Also insightful is the section in Bob’s article titled “Other Trends and Issues.” There, he explores law school enrollment and even the declining square footage of law partner offices. But one thing that caught my eye was his conclusion that “Most law firms are undercapitalized.” We’ve seen examples of that—and of the occasional sorry outcome of that. But do you think that will be a significant driver of the profession in 2013?

He also says that, in regard to the trend to demand project management, “On the whole, there appears to be far more talk about PM—by both firms and consultants—than action. It may be another case of ‘sound and fury.’”

That comment led me to think about Mark Lassiter’s presentation last week. You may recall that he stressed the dire need for law firms to develop PM skills, which corporate clients increasingly expect to see demonstrated. But Mark also said the skill is often lacking.

Recently, I came across a Bloomberg News video in which an East Coast lawyer gave his own heat assessment about one practice area. Bill Lawlor of Dechert LLP (in Philadelphia) says that M&A is heating up.

Mergers and acquisitions? Hmmm. That one was a surprise. Watch the complete video below.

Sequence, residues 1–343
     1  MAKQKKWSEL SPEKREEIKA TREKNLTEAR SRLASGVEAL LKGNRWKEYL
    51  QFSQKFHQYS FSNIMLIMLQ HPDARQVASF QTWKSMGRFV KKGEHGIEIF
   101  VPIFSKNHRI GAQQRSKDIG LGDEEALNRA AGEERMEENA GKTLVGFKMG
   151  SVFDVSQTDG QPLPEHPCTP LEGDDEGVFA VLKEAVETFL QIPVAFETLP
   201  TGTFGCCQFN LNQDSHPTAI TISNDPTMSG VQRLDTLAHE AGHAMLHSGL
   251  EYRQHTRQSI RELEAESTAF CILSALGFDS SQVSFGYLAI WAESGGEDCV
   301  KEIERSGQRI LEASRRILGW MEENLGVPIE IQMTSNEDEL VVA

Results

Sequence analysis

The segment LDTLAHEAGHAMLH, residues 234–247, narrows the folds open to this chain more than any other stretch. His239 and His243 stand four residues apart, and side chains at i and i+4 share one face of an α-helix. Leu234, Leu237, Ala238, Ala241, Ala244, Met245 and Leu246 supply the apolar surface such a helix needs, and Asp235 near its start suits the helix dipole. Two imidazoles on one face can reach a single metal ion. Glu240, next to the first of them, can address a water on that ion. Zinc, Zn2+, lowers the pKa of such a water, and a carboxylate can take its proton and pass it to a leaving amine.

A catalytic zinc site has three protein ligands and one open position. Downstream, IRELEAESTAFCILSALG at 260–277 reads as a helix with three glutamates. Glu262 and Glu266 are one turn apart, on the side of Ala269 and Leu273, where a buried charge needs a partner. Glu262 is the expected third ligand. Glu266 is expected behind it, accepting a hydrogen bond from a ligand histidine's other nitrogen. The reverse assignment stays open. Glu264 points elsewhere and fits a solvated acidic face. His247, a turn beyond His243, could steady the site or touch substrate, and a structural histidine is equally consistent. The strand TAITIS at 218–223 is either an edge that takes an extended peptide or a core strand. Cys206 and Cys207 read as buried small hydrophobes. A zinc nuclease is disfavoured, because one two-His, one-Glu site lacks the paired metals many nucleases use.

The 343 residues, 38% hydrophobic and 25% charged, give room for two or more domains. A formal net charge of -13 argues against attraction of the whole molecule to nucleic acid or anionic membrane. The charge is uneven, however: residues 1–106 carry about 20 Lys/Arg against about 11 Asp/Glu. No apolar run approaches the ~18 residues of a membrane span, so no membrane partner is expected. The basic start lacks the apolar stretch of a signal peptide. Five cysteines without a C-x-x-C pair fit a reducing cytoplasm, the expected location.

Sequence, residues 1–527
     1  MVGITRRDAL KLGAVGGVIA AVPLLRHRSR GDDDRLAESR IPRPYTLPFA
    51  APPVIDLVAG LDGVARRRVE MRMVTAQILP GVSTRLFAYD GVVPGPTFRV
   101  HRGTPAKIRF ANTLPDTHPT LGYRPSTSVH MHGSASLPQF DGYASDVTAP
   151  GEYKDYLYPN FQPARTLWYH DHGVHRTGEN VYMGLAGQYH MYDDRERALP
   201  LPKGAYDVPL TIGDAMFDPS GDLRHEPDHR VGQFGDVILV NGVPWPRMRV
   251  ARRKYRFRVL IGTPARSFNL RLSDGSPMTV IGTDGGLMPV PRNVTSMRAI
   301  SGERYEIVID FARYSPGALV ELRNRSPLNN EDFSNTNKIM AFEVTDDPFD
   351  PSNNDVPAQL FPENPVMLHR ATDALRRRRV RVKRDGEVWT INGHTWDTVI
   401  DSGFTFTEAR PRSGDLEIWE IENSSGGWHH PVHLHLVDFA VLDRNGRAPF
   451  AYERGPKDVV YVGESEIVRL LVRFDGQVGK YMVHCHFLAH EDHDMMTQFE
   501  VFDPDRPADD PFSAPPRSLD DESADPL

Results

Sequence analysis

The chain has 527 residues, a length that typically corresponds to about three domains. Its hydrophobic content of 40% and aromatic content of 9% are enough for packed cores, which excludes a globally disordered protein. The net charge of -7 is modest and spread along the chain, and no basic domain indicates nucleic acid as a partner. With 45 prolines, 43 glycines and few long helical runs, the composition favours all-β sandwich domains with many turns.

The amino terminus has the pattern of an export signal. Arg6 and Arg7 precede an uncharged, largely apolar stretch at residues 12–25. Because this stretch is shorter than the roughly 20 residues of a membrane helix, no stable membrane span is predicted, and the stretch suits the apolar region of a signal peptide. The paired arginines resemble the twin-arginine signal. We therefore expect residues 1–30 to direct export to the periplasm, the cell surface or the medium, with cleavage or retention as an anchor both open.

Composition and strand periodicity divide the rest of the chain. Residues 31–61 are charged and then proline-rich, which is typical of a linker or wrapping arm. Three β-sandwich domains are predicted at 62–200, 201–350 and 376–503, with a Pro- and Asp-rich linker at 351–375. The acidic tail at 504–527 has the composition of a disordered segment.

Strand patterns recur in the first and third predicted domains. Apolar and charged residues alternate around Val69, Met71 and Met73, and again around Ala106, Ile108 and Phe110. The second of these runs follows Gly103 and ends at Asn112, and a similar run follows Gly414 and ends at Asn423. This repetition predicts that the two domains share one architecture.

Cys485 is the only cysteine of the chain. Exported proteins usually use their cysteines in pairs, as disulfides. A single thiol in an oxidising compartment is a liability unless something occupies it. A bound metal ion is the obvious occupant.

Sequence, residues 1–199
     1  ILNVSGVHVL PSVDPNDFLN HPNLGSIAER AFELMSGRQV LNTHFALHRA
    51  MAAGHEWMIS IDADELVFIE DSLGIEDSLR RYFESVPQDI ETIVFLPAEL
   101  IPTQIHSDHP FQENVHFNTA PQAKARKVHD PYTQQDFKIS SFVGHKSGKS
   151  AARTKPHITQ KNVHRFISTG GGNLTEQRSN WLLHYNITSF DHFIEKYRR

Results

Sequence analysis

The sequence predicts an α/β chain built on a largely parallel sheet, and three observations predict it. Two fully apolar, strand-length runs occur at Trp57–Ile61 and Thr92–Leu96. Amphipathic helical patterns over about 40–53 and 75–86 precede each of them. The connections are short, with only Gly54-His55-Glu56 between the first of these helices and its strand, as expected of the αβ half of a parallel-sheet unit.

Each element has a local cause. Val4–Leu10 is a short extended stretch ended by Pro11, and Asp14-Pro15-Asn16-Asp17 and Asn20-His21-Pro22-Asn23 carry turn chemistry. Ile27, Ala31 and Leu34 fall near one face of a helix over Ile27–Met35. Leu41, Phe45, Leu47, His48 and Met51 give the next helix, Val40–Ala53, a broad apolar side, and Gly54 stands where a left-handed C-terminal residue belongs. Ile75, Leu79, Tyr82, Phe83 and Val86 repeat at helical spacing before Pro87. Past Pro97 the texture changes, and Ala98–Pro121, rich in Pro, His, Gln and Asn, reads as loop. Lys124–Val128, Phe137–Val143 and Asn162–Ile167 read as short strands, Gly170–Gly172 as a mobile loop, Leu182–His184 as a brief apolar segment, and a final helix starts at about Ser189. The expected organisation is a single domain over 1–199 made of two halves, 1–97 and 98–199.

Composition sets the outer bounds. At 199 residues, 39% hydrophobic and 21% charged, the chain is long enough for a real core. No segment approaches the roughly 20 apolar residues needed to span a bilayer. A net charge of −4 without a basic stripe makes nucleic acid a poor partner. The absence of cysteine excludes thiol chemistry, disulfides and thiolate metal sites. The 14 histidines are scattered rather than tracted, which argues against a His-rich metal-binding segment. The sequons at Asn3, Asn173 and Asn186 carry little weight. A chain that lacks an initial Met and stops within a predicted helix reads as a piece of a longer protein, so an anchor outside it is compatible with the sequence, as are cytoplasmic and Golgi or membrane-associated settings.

What practice is getting warmer here in Arizona? And do you agree with Bob Denney or Bill Lawlor on any of these areas? Have you migrated practices in the last few years? Or do you expect to move to another practice in the near future?

At Arizona Attorney, we’d like to tell some stories about areas that lawyers are headed toward. Contact me at

Five or 10 years from now, will folks recall, “I was there at the University Club when Mark Lassiter called bull**** on the legal profession”?

I leave history to decide that, but his presentation at the State Bar of Arizona Business Law Section, titled “Sea Change: Inside the Changing Legal Market,” pulled no punches and delivered an uneasy prediction for a troubled profession.

Mark Lassiter at the University Club, Nov. 28, 2012

The Wednesday breakfast event at the University Club in Phoenix was before a packed room of lawyers and law students. Lassiter’s message was clear as he opened with the trailer for an upcoming documentary titled “Tsunami.” Video of a massive wave crashing onto a shore filled with unsuspecting people was a sobering entrée into his tale about what’s happening to law practice.

As Lassiter opened, “The situation is not as bad as you think; it’s actually far worse.” And that was just one of his gulp-inducing moments.

His three-plus years of research on the topic tells Lassiter that 21st-century law practice will be characterized by commoditization and the dominance of technology. And both those challenges could spell doom for traditional law firm practice.

Dissection of the “legal process outsourcing:” (LPO) industry, mainly to India, shows an area where American law practice is especially vulnerable. As he viewed slide after slide documenting this offshore outflux, an attendee may have suspected he was sitting in a protectionist-lawyer revival meeting. But then the evidence mounted, and the dire situation appeared to be more real. Could people and companies really get all the lawyering they need overseas? Could LegalZoom put me out of business? The gulps continued.